Tears of relief and sadness


Brooks Rauschenberger woke up yesterday and cried both in relief and sadness upon learning that former Minneapolis police officer Derek Chauvin had been found guilty in the death of George Floyd.

Rauschenberger, who started a one-person “Black Lives Matter” demonstration on Saipan a few weeks after Floyd’s death in May last year that inspired many in the community to join in and eventually start their own peaceful BLM protests, said that true justice would have been Floyd alive and at home with his family today. Rauschenberger is Caucasian.

A jury found Chauvin guilty of second-degree unintentional murder, third-degree murder, and second-degree manslaughter in the death of Floyd, after a three-weeks trial. Chauvin was immediately led away in handcuffs to serve his sentence. Floyd’s death, which was captured on video, sparked a worldwide protests, violence and a furious reexamination of racism and policing in the U.S.

“I woke up this morning to the news that Derek Chauvin had been [found guilty]. …I lay in bed and cried with relief and sadness because, although the guilty party has been held accountable, it does not erase the memory of watching George Floyd slowly suffocate to death,” Rauschenberger said. “This is a testament to America’s flawed and deeply racist justice system that a murder caught on camera required national outrage and almost an entire year of pressure from activists and protesters for a second-degree murder charge. I can only hope that this verdict marks a turning point against police officers who feel emboldened to commit acts of violence against black, native, queer, disabled, and other marginalized and oppressed groups of people.”

In a statement shared with Saipan Tribune, Delegate Gregorio Kilili C. Sablan (Ind-MP), who joined the peaceful BLM protests in San Jose last year, said the collective efforts of people did not go to waste. “Nothing will ever bring back George Floyd to his family but at least the Floyd family—and all Americans—can take comfort knowing that truth prevailed and justice has been rendered. Let us now hope this verdict sends a clear message that violence against African Americans and racial minorities in our country will no longer be tolerated,” he said.

Also in the protest last year was Richard Sikkel of Papago who, after finding out about the guilty verdict, carry with him a flame of hope. “I am hopeful this will be the beginning of sensible police reform and serious steps to right inequalities based on race, gender, etc.,” he said.

Ajani Burrell, a teacher at the Northern Marianas College, believes the guilty verdict will have significant implications. “One consequence is that I believe it will go some ways toward police departments and individual officers reconsidering their policies and actions. This is the first conviction of this weight that I can recall from all of the major police shooting cases over the years. I think it will further embolden prosecutors and juries to consider holding officers who commit these kinds of acts accountable,” he said.

“In the longer view, this is another step toward full justice for men and women of color—both in their interactions with police and with society at large. Many more steps are needed, and many have already happened, but the guilty verdict is an important step in the right direction. Perhaps most importantly, this verdict may bolster hope in the millions of people who feel the criminal justice system, particularly policing, is unfair, and who have long feared that bad actors may never be truly held to account,” he added.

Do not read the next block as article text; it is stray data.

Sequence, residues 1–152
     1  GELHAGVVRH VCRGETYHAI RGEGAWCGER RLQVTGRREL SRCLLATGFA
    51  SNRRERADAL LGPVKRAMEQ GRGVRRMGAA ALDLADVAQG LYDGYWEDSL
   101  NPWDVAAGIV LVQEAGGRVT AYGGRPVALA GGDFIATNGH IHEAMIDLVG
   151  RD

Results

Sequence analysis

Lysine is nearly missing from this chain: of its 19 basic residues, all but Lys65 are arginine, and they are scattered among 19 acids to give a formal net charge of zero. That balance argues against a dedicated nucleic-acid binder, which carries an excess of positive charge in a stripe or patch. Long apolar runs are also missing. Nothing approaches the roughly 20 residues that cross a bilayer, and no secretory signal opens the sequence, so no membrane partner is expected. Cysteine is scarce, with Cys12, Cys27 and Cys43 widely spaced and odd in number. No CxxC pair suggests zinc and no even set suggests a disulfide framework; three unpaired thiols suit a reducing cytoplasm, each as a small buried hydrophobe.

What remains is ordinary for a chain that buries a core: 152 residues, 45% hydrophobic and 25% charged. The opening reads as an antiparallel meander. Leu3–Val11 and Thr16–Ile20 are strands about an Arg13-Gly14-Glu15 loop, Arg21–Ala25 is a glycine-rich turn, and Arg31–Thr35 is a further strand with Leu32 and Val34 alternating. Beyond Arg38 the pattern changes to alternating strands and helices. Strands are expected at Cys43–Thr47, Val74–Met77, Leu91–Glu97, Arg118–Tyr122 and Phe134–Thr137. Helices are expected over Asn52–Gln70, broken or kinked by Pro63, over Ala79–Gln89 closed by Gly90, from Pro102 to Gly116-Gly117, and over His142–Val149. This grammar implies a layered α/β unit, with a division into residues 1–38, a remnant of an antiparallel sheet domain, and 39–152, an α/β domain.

Rauschenberger, who started the BLM protests on the CNMI by standing at the San Jose and Atkins-Kroll intersection and holding up a banner for an entire week, said that yesterday’s guilty verdict means that it is now possible to expect such verdicts in cases of police brutality, but also pointed out that the prejudice and violence in policing are built into the system and will not end until the system itself has ended. “I believe in the dismantling and abolishment of the police and the complete reformation of America’s justice system. What that will ultimately look like, I can’t say, but it starts with defunding and demilitarizing police forces and reinvesting that money into communities who have been harmed,” said Rauschenberger.

“The Black Lives Matter movement was an integral part of this conviction. Communities around the country stood their ground against tear gas, rubber bullets, and other forms of aggression from the police, and people all over the world turned out to show solidarity with those who were putting their safety on the line to fight for justice not only for George Floyd, but for the hundreds of other Black people killed by state sanctioned violence and white supremacy in the U.S.,” Rauschenberger added.

Rauschenberger is quick to point out, however, that the guilty verdict only paves the way for accountability and not justice. “I would like to echo the sentiment of many Black Americans who have pointed out that this verdict represents accountability, but not justice. Justice would be George Floyd alive and at home with his family today. Justice would be the complete dismantling and reformation of America’s police forces and prisons.”

“The conviction of Derek Chauvin for a murder that we all saw him commit should have been something we could take for granted, not a moment where people across the country held their breath to see if the justice system would fail once again. …George Floyd’s life always mattered, and it’s a horrific fact that it needed to be proven in this way,” Rauschenberger added.

Bea Cabrera | Correspondent
Bea Cabrera, who holds a law degree, also has a bachelor's degree in mass communications. She has been exposed to multiple aspects of mass media, doing sales, marketing, copywriting, and photography.

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